Early on, my mother was trying to teach me a critical lesson – always be kind. My path to it was a bit more complicated though. Sacrifice and dedication. Surgery and rehabilitation. The same routine. Over and over. That was my high school football career. At the time, I was focused on my teenage self. My dreams of playing Division I, and then professional football.
Looking back on that time now – particularly since I’m now a dad and have kids of my own, has allowed me to view my past through the more mature lens of parenthood. I can’t imagine what the experience must have been like for my mother.
The sad fact of life is that no matter how painful it is out there on the field, every hit a kid takes in the game hurts the parents even more. Knowing that now, I can’t fathom what it must have been like for my mom to sit in the stands every Friday and see her oldest boy go through the sort of physical pain I went through from kickoff to final whistle.
Every game. Week after week.
I’m amazed now that she never once complained or tried to talk me out of my mad pursuit. It would have been an easy out for her, but she never once took advantage of it—even knowing that I would’ve done anything for her. Instead, she bore a mother’s pain with her big, bright smile, all too aware that she couldn’t say a thing about her ordeal without killing my dream. She just smiled.
She was the one who came to my room when the doctor’s prognosis was grim or the physical therapy didn’t seem like it was working fast enough and told me, “It’s all right to question your dreams from time to time, but don’t you ever give up on yourself. Because if there’s one thing I’m sure of in all my heart, it’s that one day you’re going to make all of your dreams come true.” That was my mom.
And she wasn’t that way just to me. She was the “house mom” of the neighborhood, of my team, of my friends. Every weekend, she always had the door open and there were always guys from the team staying for dinner or friends sleeping over.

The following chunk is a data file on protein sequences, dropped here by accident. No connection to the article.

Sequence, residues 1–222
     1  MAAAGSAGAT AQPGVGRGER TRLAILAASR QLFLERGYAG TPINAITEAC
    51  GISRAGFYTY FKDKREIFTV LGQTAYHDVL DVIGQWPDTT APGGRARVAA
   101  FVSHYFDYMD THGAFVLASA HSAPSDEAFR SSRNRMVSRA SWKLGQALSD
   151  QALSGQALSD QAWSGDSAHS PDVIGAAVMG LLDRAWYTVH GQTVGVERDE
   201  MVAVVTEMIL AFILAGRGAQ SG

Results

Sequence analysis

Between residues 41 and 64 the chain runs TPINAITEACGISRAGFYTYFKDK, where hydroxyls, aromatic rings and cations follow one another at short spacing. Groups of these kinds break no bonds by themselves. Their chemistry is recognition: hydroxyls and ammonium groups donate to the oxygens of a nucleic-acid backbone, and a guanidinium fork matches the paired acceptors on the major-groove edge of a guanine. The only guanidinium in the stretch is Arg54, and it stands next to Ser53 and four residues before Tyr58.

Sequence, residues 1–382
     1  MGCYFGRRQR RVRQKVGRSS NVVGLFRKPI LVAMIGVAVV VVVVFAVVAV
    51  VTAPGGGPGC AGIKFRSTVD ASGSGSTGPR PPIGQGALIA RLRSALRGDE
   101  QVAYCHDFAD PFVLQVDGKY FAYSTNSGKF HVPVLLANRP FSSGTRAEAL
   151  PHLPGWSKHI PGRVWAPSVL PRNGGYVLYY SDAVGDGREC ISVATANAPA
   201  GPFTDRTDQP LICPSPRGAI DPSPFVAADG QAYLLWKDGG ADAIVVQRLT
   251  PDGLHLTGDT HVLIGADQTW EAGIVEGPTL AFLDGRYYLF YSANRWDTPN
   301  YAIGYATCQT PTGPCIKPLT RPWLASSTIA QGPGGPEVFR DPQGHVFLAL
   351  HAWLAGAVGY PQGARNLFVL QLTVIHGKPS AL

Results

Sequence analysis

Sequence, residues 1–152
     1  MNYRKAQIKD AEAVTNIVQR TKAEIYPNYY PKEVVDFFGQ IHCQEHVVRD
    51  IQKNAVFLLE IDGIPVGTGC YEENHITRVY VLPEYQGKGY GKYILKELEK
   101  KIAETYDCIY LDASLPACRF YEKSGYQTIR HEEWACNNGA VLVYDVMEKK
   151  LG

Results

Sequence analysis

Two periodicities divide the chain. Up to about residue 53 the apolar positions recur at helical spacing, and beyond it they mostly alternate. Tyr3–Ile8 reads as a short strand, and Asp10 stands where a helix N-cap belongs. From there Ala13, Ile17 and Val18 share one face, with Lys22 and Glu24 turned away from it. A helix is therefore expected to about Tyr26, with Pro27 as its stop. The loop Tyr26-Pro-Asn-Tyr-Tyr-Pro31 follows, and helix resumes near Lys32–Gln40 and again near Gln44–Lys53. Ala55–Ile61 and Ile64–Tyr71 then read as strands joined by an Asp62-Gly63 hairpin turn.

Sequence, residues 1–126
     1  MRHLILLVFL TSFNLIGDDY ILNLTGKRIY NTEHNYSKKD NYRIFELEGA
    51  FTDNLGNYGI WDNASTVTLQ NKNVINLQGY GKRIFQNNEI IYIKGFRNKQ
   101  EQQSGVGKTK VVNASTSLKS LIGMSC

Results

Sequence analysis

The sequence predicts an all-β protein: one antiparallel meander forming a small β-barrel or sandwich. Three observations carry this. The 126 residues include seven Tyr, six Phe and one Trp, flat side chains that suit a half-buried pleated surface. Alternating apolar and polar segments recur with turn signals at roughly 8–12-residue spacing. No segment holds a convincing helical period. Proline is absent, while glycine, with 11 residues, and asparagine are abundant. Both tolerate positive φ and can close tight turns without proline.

My teenage self never gave it a thought at the time, except that this was the sort of thing that moms did. It was her nature to be kind. I can see now, however, that her “open house” policy was a subtle and completely successful covert operation to keep me and my friends out of trouble and away from the temptations that were all too abundant and all around us.
My dad had the military background. He was the coach who always demanded more. My mom was just the opposite. She wasn’t stingy with the hugs, and when she knew I needed one, she gave me two. With her quiet, but constant support she did more to foster my belief in myself than anyone else in my life.
And when I look back on it now, I think, she was probably the toughest Jones of us all. There have always been great demands put on me and, as a result, I’m not hesitant about putting expectations on anyone else.
At the same time, however, my mother unintentionally taught me one of the greatest lessons in business management with her kindness and compassion. I admit that I’m quick to bark orders and demand from others the same level of performance that I expect from myself, but I’m equally quick to nurture my team and to offer support to those who need it. My mom gave me that balance. She made me a better manager. A better man, too. Toughness is necessary.
But sometimes it’s best to try a little tenderness. And always be kind.